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Banned but non-licensed people should be refused participation
The World Anti-Doping Agency issued a statement on Wednesday in response to numerous inquiries regarding the case against Lance Armstrong and his former US Postal and Discovery Channel team associates who were charged by USADA of doping and a cover-up conspiracy, stating that any action taken by a WADA code signatory should be upheld by signatories worldwide.
Not only are Michele Ferrari, Jose "Pepe" Martí and Dr. Luis Garcia del Moral not licensed by any sporting federation, they are not from the USA, which led UCI president Pat McQuaid to question the process of banning them. WADA has indicated that it is up to the sport organisations to comply.
"WADA strongly recommends all Signatories to take such steps in order to protect athletes from unscrupulous individuals who have a proven record of being involved in doping activities," a statement from WADA read.
"In the case of members of the athlete entourage that can happen in a number of ways, as the IOC and other international federations have demonstrated in the past by withdrawing accreditation or permission to be involved in events, refusing team membership or participation, and removing the right to be part of a medical or coaching commission for itself or National Federations.
"In addition, most Signatories will immediately alert athletes not to seek treatment, guidance or advice from those banned, and to cease any association accordingly."
USADA has clarified in the past that non-US citizens are covered under the WADA code which places the option to take action against individuals upon the signatory that discovers the evidence of an anti-doping violation, regardless of whether that individual was licensed by that agency.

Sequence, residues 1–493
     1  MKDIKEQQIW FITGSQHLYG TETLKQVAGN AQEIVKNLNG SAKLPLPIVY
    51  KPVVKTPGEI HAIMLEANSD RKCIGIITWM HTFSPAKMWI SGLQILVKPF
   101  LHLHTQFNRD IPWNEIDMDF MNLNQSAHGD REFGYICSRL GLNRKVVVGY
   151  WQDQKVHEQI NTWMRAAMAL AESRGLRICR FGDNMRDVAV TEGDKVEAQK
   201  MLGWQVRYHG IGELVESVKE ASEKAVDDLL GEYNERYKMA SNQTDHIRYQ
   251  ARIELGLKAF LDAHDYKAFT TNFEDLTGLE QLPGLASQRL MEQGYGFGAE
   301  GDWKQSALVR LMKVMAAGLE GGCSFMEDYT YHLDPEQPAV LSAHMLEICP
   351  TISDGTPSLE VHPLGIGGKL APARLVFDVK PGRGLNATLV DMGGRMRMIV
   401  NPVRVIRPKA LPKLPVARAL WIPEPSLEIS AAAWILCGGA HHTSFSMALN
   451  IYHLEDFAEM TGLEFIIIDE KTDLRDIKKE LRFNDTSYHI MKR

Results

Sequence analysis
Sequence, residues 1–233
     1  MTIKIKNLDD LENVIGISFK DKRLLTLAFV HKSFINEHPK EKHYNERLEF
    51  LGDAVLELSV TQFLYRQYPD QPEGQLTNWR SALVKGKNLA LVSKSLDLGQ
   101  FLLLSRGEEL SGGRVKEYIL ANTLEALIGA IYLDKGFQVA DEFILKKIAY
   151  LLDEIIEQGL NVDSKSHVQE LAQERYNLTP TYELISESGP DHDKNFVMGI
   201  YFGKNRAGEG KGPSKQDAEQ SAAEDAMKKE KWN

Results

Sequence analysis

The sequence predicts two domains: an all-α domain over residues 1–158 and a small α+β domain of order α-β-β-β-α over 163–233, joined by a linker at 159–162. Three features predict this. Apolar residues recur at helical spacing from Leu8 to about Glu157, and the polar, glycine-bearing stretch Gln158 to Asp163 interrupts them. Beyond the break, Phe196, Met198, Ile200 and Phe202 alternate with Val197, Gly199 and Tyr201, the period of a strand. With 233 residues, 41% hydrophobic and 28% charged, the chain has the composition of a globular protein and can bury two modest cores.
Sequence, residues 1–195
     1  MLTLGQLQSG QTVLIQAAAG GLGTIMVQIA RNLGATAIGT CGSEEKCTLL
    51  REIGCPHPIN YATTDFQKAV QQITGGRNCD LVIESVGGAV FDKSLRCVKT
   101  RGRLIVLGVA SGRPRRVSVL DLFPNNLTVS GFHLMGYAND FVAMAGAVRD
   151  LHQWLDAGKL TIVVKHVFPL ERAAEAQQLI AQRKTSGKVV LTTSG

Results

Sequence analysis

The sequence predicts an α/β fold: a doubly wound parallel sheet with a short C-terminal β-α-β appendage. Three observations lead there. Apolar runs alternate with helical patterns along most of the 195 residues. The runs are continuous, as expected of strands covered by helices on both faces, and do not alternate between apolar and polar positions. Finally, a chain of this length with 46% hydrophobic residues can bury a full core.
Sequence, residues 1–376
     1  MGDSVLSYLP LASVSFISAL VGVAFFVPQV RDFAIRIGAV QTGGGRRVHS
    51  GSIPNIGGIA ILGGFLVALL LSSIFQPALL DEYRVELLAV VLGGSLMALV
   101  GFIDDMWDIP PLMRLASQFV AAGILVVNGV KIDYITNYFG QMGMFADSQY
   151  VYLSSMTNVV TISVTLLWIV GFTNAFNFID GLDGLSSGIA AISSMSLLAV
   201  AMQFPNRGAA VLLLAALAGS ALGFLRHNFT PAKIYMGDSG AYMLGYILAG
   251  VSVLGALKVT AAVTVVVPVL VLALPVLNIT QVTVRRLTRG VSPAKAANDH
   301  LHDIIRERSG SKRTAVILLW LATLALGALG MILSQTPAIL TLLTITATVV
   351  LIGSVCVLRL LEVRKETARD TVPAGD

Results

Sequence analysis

In regards to the non-licensed individuals, WADA cited article 15.4.1 of its code which reads: "Subject to the right to appeal provided in Article 13, Testing, therapeutic use exemptions and hearing results or other final adjudications of any Signatory which are consistent with the Code and are within that Signatory's authority, shall be recognized and respected by all other Signatories."
This means that any action taken by USADA will be expected under the code to be enforced by all signatories worldwide, since the purpose of creating WADA in 1999 was to provide a system of anti-doping rules that could be agreed upon by all sports in all countries which agreed to the code.
"Without this harmonization and mutual recognition the fight against doping in sport would revert to the pre-WADA days when there was little uniformity and consistency in terms of sanctioning and the decisions handed down to athletes and others," the agency's statement read.
That very concept is now under attack by Armstrong's attorneys, who has filed a federal lawsuit questioning the jurisdiction of USADA and calling the proceedings against him "unconstitutional".
The agency would not comment further on the case of Armstrong, stating, "As with all cases under the Code, both the International Federation concerned - the UCI - and then WADA has a right of appeal. Until the time for exercising such rights has passed it is inappropriate for WADA to comment further on specifics of the case."